By Scott Philips
What a crazy time in our world! With global health concerns, international wars and turmoil, domestic unrest, and localized mental illness and poverty, what is our responsibility as business owners to our community and particularly to our own employees? Are we just to sit back and let things play out? Or, are we to step up in a major way to give our employees, community and world hope? My answer is ‘yes to hope!’
But, how do we best provide hope and calm with our own employees and colleagues during uncertainty? Hopefully the following thoughts will provide you with a few things you can do to contribute to a world of calm and peace.
1. Be proactive and positive – While it may seem to be prudent to wait for answers to come and for things to turn around, being proactive and positive shows your team that you are in control, are taking an active role in finding answers, and that you are a leader they can trust to follow.
A first proactive step is to reassure your employees that you are and will be doing everything possible to alleviate their concerns and to address the issues. Let them know that the best organizations identify key issues, look for alternatives and take actions to the best of their ability, making adjustments as needed.
Second, assess where your organization is emotionally. Are they freaked out, stunned, in denial, or simply lethargic? Determine the size and scope of their concerns and listen for their real or imagined concerns. If you are personally freaked out, they will be as well. So, make sure that you are calm and in control of your emotions before you begin to meet and dialog with them.
Third, put a smile on your face. People see hope in your eyes and a smile helps your eyes send the right message. Yes, things are difficult, but there is hope and we have made it through the storm before.
2. Be decisive, making important decisions – It is really important that you identify, then prioritize your most crucial decisions. These begin with creating a safe environment for your employees and ensuring their employment as best you can, serving and supporting customer needs and concerns and lastly concentrating on your company finances and your personal wealth. Too often employers do the opposite – prioritizing their personal wealth and making snap decisions from that vantage point.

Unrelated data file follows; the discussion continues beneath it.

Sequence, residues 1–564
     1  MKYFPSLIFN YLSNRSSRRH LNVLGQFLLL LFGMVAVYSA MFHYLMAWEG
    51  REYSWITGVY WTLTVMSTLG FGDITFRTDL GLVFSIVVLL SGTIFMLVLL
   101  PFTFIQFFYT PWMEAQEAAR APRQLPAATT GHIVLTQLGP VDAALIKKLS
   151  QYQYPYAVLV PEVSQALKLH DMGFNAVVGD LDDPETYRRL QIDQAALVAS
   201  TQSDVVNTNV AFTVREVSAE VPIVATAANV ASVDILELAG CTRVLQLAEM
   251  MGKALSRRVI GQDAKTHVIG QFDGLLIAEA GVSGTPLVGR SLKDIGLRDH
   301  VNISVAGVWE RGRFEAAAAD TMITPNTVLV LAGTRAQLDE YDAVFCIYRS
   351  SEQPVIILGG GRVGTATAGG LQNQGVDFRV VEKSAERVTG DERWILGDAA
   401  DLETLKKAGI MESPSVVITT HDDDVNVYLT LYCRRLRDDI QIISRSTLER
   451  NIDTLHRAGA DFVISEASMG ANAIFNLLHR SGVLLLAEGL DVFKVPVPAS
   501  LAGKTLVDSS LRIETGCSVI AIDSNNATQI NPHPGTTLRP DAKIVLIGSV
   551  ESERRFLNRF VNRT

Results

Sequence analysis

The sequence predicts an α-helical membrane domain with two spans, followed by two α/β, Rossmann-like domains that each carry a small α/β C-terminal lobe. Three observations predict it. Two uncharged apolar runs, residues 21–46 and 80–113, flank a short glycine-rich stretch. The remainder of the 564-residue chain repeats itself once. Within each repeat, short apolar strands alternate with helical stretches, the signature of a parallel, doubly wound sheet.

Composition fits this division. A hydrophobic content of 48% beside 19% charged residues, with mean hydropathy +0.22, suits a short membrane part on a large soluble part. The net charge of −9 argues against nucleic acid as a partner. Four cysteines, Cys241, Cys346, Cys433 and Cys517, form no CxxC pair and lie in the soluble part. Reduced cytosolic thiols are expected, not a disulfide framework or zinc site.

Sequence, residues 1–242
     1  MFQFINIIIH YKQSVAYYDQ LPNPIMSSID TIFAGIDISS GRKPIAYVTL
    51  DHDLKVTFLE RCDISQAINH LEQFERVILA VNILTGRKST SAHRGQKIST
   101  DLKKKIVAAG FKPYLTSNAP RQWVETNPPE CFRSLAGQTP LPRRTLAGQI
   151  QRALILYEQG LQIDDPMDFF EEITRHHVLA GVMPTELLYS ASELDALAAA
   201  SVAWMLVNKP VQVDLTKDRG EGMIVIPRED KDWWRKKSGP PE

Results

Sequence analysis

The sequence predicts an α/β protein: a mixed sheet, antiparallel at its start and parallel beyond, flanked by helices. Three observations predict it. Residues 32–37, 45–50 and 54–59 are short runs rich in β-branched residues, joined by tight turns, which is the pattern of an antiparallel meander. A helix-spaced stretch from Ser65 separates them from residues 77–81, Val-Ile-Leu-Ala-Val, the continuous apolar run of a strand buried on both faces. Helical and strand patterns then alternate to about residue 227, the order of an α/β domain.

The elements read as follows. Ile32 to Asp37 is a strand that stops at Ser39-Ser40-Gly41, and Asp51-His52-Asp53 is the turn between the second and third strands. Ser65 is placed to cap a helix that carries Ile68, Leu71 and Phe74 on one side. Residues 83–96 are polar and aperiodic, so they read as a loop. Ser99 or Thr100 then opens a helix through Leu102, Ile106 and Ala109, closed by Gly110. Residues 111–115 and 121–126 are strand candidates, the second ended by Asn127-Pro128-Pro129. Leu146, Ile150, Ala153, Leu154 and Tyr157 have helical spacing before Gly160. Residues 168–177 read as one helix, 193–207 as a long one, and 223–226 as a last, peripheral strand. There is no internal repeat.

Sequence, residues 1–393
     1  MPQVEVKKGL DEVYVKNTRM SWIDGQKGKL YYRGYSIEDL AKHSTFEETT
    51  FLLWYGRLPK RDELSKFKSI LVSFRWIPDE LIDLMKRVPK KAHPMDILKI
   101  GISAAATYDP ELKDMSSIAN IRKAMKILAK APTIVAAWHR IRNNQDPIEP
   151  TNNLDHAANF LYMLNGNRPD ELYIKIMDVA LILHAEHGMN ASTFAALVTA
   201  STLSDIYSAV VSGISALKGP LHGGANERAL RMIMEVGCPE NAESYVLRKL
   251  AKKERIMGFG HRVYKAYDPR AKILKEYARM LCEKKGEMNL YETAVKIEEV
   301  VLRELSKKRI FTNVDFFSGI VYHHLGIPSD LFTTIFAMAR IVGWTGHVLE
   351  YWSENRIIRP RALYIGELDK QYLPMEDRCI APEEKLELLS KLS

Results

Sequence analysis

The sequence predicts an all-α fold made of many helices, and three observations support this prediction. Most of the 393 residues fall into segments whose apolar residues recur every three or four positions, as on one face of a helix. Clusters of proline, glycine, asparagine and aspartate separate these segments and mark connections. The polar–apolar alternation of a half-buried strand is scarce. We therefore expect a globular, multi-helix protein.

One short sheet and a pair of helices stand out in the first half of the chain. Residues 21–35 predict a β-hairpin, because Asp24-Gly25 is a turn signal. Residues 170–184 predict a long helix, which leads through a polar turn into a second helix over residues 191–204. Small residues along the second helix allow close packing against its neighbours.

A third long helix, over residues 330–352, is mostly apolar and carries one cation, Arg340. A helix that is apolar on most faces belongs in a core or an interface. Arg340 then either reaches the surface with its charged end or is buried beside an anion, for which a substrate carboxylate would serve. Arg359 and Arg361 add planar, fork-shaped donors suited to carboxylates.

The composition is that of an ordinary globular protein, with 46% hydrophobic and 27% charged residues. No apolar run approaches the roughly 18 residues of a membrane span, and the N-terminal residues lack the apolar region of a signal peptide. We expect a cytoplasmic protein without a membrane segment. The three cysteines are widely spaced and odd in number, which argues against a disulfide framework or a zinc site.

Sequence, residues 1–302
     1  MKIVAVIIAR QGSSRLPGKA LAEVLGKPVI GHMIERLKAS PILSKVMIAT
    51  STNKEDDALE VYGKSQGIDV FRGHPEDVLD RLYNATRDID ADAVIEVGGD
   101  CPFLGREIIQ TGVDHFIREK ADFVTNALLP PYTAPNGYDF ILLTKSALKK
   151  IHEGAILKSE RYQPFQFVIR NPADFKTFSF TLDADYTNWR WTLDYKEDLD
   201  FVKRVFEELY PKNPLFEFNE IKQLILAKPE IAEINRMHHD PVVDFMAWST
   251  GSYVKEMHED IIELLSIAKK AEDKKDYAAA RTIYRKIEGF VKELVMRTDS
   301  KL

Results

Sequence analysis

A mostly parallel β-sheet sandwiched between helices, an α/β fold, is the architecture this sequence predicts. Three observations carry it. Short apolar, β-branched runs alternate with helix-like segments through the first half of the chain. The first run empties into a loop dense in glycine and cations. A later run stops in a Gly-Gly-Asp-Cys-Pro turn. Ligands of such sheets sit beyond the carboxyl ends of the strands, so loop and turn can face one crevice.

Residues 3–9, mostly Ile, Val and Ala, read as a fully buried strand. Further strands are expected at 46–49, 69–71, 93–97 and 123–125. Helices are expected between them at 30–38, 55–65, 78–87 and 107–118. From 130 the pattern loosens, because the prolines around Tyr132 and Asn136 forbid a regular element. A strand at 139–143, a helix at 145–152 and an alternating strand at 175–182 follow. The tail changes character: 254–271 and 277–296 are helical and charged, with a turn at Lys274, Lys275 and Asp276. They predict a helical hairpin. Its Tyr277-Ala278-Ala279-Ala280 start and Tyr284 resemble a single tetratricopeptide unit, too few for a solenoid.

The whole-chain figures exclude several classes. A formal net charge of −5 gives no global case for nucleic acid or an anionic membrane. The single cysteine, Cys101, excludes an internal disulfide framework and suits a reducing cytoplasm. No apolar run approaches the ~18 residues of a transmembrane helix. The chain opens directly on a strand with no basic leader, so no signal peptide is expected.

In making sound decisions, begin by identifying what you desire the final outcomes to be. The more specific, the better your evaluation will be. Next, put all the alternatives on one page, identifying advantages and limitations of each option. Then, finish by selecting the best option – the one with the most advantages and the least limitations.
Sometimes, it is helpful to list out the criteria for decision making and how much weight each criteria element deserves. You might put more weight on ‘immediate impact’, for example, rather than ‘long term benefits’.
3. Be accessible to your team – During difficult situations it is super important to be accessible to your employees – both physically present as well as through other types of communications. Make sure that you have an emergency Communications Plan ready to implement when you encounter crazy situations. This Plan articulates the following:
- What needs to be communicated
- When it needs to be communicated
- Who is responsible for creating and delivering communication
- How employees and customers can respond to communication
- What you intend to do to keep people up to date on progress
The next piece of being accessible to your team is to solicit and respond to employee feedback. Be available for discussions and problem solving. They will feel valued, better solutions will surface, and you will also see who your true leaders are.
If you go into a hole and hide, you and your leadership team will be seen as weak. And if that happens, chances are you have lost your platform to lead your people effectively. These simple steps will calm the fears in your workplace, prepare you and the organization to succeed even through the difficulties, and provide you personally and your organization with a true sense of hope.
If you are needing guidance in calming the fears in your workplace, contact us at TruNorth Partners. We can help! email@example.com or 504-913-2705.